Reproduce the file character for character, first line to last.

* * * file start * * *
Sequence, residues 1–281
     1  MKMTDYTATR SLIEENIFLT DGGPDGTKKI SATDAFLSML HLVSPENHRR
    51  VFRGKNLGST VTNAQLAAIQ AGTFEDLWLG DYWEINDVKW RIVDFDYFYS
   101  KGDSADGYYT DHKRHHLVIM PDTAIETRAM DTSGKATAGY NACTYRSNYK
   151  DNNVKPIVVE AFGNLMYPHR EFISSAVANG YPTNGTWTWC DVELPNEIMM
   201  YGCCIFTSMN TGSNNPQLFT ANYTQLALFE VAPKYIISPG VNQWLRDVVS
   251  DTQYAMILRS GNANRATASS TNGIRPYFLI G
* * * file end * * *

Sequence, residues 1–281
     1  MKMTDYTATR SLIEENIFLT DGGPDGTKKI SATDAFLSML HLVSPENHRR
    51  VFRGKNLGST VTNAQLAAIQ AGTFEDLWLG DYWEINDVKW RIVDFDYFYS
   101  KGDSADGYYT DHKRHHLVIM PDTAIETRAM DTSGKATAGY NACTYRSNYK
   151  DNNVKPIVVE AFGNLMYPHR EFISSAVANG YPTNGTWTWC DVELPNEIMM
   201  YGCCIFTSMN TGSNNPQLFT ANYTQLALFE VAPKYIISPG VNQWLRDVVS
   251  DTQYAMILRS GNANRATASS TNGIRPYFLI G